What is it?
Once upon a time, there was a dedicated team of medical researchers developing a new drug. To make sure the drug cured what it was supposed to cure, and was safe while doing so, the team subjected it to a battery of tests, first on animals then on humans. After many years, the tests were finally complete and the team was satisfied the drug was both effective and safe. The drug was released onto the market, perfectly formed.
Once upon a time, there was a dedicated team of car designers developing a new car. To make sure the car performed powerfully and was durable, the team subjected it to a battery of tests. They tested it while driving down cobblestone roads, they tested it in wind tunnels and they tested it in car ovens. After many years, the tests were finally complete and the team was satisfied the car performed powerfully and was durable. The car was released onto the market, perfectly formed.
Once upon a time, there was a dedicated team of software designers developing a new computer game. To make sure the game played smoothly and was free of glitches, the team subjected it to a battery of tests. They undertook alpha tests in-house, assessing the game against a long list of performance objectives. Then they undertook beta tests, nudging the game out into the world, where it was required to survive the handling of its first batch of strangers, and live or die based on their criticism. After many years, the tests were finally complete and the team was satisfied the game played smoothly and was free of glitches. The game was released onto the market, perfectly formed.
But recently, something strange happened. A game was released onto the market, though it was not quite perfectly formed. There were features yet to be added, expansions to the game world yet to be designed, balances between characters yet to be tweaked. The core product was complete, but its future shape had not yet been determined.
What followed next, we call the gamma test.
What do we think?
The gamma test is a new approach to software design that is changing the way we, as consumers, engage with our products. Facilitated by widely accessible, high speed internet and online software markets like Apple‘s App Store, the release of a program onto the market no longer necessitates that it be complete.
The previously distinct phases of development and use are significantly blurred. Bug fixes, patches, entirely new features can all be incorporated into a program after it is already in use. Technically, this is achieved via centralised control – a game whose software resides not on users’ computers but online on the developer’s own servers; an online App Store that acts as a gateway between users and regular software updates. Experientially, this blurring is in fact integrating development and use with hitherto unachievable interactivity.
Version 1.0 of a game is released and users start to play. Within days, the first discussions about bugs and glitches appear on online forums. Version 1.1 is released, correcting the imperfections of its predecessor. As users rack up more game time, they discover imbalances in character strengths – more discussions appear, not only identifying the imbalances, but suggesting myriad ways of rectifying them. Version 1.2 is released, following some of the more creative proposals. Users running unusual hardware come across a few more bugs. Versions 1.2.1 fixes those. Yet more discussions appear as users begin to imagine all manner of improvements to the game and expansions to its gameplay. Version 2.0 responds to the most popular ideas, improving the user experience and adding many more months to its longevity.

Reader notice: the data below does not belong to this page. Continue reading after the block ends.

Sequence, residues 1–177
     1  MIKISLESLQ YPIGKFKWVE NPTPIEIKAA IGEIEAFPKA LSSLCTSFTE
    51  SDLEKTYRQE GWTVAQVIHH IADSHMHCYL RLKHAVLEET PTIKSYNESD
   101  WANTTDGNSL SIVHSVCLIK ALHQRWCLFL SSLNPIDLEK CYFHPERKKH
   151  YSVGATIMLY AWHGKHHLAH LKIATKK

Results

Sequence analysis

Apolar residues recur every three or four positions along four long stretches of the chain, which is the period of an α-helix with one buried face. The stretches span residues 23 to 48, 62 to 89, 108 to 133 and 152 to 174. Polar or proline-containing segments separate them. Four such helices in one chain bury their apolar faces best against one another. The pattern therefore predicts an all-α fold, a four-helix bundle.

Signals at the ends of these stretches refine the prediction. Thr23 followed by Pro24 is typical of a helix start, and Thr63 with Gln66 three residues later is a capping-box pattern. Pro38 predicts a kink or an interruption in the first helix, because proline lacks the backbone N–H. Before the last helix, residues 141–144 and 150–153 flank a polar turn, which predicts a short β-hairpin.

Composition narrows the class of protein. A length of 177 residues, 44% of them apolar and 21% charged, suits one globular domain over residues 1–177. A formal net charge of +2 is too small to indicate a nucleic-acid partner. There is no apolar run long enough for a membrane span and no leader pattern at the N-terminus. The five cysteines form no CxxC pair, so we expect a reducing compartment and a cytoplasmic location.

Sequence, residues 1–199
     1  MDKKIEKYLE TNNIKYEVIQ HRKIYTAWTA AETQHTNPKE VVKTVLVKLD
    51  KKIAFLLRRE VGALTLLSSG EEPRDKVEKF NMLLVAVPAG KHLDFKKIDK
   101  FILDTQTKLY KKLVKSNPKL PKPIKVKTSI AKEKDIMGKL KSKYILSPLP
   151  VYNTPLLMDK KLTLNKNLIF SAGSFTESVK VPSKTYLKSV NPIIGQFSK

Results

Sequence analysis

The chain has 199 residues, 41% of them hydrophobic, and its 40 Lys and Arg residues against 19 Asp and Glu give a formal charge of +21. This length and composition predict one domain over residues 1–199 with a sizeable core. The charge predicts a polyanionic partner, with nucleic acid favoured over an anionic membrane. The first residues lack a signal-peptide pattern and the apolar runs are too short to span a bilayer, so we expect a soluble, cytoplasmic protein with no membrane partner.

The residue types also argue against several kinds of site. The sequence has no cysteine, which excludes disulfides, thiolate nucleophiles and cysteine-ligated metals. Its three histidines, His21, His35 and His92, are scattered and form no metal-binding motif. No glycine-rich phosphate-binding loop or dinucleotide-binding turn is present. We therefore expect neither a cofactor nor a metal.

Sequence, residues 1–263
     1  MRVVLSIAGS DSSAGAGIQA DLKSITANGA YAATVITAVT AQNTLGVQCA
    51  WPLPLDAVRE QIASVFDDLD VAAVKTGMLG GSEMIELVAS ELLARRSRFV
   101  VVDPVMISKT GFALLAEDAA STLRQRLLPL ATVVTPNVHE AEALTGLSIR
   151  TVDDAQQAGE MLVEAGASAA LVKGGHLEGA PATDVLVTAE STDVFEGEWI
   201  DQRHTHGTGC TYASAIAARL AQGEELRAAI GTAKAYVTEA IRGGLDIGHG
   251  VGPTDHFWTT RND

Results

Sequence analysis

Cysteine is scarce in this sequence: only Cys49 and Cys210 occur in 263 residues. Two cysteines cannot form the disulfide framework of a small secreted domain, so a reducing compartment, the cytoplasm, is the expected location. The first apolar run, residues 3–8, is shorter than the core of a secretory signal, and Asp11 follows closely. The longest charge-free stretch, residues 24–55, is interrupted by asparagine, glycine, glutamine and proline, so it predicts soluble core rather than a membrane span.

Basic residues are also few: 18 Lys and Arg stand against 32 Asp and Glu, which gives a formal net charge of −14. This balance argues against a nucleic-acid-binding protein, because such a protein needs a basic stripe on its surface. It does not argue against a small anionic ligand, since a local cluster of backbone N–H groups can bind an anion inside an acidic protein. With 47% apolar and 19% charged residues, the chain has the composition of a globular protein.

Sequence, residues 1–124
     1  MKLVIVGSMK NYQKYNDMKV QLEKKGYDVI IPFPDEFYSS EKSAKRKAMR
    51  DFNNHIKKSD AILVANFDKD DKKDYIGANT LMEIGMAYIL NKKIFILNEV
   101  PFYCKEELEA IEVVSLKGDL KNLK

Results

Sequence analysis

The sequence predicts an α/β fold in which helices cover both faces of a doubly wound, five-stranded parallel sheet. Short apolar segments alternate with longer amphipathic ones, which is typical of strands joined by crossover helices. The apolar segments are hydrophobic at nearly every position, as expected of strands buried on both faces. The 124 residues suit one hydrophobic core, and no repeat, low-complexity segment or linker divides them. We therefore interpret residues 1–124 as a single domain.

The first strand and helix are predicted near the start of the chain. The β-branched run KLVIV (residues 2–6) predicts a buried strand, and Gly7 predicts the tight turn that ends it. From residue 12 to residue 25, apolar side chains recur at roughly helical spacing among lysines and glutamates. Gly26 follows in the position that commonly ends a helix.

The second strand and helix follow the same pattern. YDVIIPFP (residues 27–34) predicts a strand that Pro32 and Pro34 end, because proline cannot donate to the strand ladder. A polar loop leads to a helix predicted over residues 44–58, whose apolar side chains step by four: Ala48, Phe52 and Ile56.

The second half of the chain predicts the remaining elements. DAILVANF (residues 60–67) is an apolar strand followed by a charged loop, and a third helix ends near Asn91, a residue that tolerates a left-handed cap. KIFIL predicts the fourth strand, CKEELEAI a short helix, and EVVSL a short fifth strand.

The gamma test moves beyond the traditional boundaries of development, shedding discrete objectives and deadlines in favour of a crowd-sourced approach that allows the users of a program to dictate its future development.
This process provides access not just to the hardcore enthusiasts willing to sign up for the controlled environment of a beta test, but to every user every day. The user reviews on the App Store not only furnish potential customers with previous users’ opinions, they are a mechanism via which developers can obtain free and honest feedback from their users. The gamma test is ongoing, limited only by the preparedness of a developer to follow its customers’ suggestions.
What should we learn?
We would love to see this approach find its way into our practice of architecture. As the creators of one-off projects, we are almost never presented with the opportunity to tweak an element of our design to align with unexpected usage patterns. Our designs must emerge from the page and into the world complete, perfectly formed.
Only through the adoption of prefabricated processes and repetitive detailing are we able to challenge this paradigm. Through prefabrication, we force a continuous feedback between design, production and use. Similarly, though more subtly, repetitive detailing from project to project enables us to refine an aspect of a project – a typical handrail for instance, or a bathroom vanity – gradually improving upon it across decades of design.
Compared to software development, compared really to almost anything, architecture is a slow undertaking. Any incremental changes will be similarly slow. We must learn to be more proactive in seeking feedback from our clients, even when that feedback might be negative. Only an architect prepared to risk hearing his design is terrible can possibly learn how good his work really is.